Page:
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Saturday 19 Aug 2017 | 17:47 | SYDNEY
Saturday 19 Aug 2017 | 17:47 | SYDNEY

Industrial power and security



1 September 2011 10:43

Matt Hill is a PhD student in the Department of Government, Cornell University.

The so-called 'de-industrialisation' of the US is a perennial political and analytical bugbear in Washington. Pieces by Sam Roggeveen and Hugh White raise a fascinating double question: is US manufacturing in decline, and if so, does this matter? These aren't clear-cut issues; in both cases, the answers are perhaps more contingent on the strategic perspectives we prioritise rather than the economics themselves.

Firstly, to be clear: in absolute terms, US manufacturing is not in terminal decline, and does not risk being driven to extinction by its Asian competitors. In constant dollar terms, the value-added by US industry was 67% greater in 2009 than it was in 1980 – and this during the worst economic downturn since the Great Depression.

Following 2008, there was a brief, steep decline in US industrial production. However, this was not a reflection of competitive pressures but of the dramatic reduction in domestic consumption. In other words, it occurred for the very same reason US imports of Asian manufactures collapsed: both American and foreign manufacturers faced hard-pressed American consumers who simply weren't buying.

In contending that US industrial power is stagnating, Hugh focuses on the decline in employment in the manufacturing sector, and the relative reduction in the importance of manufacturing within the US economy. Indeed, American industrial workers are increasingly uncompetitive internationally. Yet it would be a categorical mistake to take this as implying that American industry is uncompetitive.

Manufacturing firms have merely shifted from increasingly expensive labour to a more intensive use of capital, automating systems and moving up the value ladder. Rather than suffering from de-industrialisation, the US has instead doubled down on the core principles of the industrial revolution – the ability of specialised machines to substitute for many hands.

Part of the perception of the decline of US manufacturing has to do with how its framed. Driving across the US Northeast and Midwest, abandoned steel mills and factories litter the scene from Bethlehem, Pennsylvania to Deerborn, Michigan. But this decline of the traditional heart of American industry obscures a core driver: the shift of manufacturing south and southwest, along with the mass of the US population.

Looking at the global economy, there is some basis to the perception that America is losing ground industrially – but that's grounded in relative, rather than absolute, shifts in manufacturing capacity. In 2010, China overtook the US as the world's largest industrial powerhouse. Indeed, there has been a shift in certain industries within manufacturing away from the US, from clothing and toys to increasingly sophisticated consumer electronics and componentry.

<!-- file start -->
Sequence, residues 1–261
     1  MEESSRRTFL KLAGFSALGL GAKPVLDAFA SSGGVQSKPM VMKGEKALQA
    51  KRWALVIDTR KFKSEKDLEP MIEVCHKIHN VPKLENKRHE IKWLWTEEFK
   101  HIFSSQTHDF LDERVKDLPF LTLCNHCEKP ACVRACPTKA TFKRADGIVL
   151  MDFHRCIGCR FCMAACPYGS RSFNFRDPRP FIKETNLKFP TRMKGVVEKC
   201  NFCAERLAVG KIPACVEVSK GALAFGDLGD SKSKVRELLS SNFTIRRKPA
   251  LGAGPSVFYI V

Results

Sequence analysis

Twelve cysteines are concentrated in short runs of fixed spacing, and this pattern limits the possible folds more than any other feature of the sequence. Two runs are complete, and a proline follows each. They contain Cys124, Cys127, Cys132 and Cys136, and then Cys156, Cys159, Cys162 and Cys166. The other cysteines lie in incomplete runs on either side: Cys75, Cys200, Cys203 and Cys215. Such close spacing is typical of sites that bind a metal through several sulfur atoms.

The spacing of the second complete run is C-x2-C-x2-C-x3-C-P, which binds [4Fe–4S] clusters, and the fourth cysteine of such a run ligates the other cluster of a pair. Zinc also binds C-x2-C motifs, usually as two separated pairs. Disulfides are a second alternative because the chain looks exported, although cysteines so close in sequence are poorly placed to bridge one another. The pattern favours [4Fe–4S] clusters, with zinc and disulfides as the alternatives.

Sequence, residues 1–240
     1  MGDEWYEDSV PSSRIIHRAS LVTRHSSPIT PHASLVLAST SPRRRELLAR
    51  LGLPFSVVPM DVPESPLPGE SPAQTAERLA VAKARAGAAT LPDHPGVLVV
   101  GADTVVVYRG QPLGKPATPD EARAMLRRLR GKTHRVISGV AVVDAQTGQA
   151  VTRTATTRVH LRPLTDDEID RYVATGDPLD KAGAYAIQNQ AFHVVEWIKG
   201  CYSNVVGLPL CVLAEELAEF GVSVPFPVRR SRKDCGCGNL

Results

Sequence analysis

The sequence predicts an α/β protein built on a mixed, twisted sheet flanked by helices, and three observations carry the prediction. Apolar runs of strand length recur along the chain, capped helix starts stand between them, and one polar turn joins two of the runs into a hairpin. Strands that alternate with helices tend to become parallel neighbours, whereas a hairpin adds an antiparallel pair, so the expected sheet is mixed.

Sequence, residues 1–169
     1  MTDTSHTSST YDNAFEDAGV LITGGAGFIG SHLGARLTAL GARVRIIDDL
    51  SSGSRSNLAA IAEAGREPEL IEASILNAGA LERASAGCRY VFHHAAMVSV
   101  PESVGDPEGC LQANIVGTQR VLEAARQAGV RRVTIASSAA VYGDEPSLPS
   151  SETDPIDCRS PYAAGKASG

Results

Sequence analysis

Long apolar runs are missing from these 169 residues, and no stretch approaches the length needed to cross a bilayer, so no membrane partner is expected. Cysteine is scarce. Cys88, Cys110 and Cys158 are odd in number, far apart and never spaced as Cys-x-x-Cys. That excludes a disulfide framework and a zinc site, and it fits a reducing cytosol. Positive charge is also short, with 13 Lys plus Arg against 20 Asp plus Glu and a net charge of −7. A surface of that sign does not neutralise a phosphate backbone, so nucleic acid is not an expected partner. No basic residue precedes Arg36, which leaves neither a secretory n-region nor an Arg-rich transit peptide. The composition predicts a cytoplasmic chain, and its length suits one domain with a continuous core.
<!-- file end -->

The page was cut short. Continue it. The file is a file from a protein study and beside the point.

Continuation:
This brings me to the second point: the implications of relative 'decline'. Strategically, industrial capacity is important. To fight, you need weapons, and to build weapons you need steel, electronic components, petrochemical products and a host of other industrially-processed inputs. Yet with a few exceptions (notably the issue of Rare Earth Metals), these strategic industrial chains remain intact within the US and allied states.

Further, it is debatable whether, under the conditions of modern warfare, relative superiority in these areas counts for as much as it used to. Qualitative factors count overwhelmingly in the military balance, and given the speed and destructive capacity inherent in contemporary warfare, it is far from certain whether a state's ability to out-produce its rivals would count strategically.

The other way manufacturing matters strategically is with regard to the relative economic health of a society as a whole. Hugh appears to imply that the US has gone from manufacturing as a solid basis of national economic power to a more dubious financial-driven model.

If effectively wielded, however, financial influence can be an effective facet of US power, as it has been for other powers going through hegemonic transitions (most notably Great Britain). The problem, as Hugh rightly notes and as I have touched on previously, is the dire fiscal position the US is stranded in on account of Washington's dysfunctional politics. This, rather than any decline in manufacturing capacity, lies at the heart of America's current strategic dilemmas in the face of rising Chinese power.

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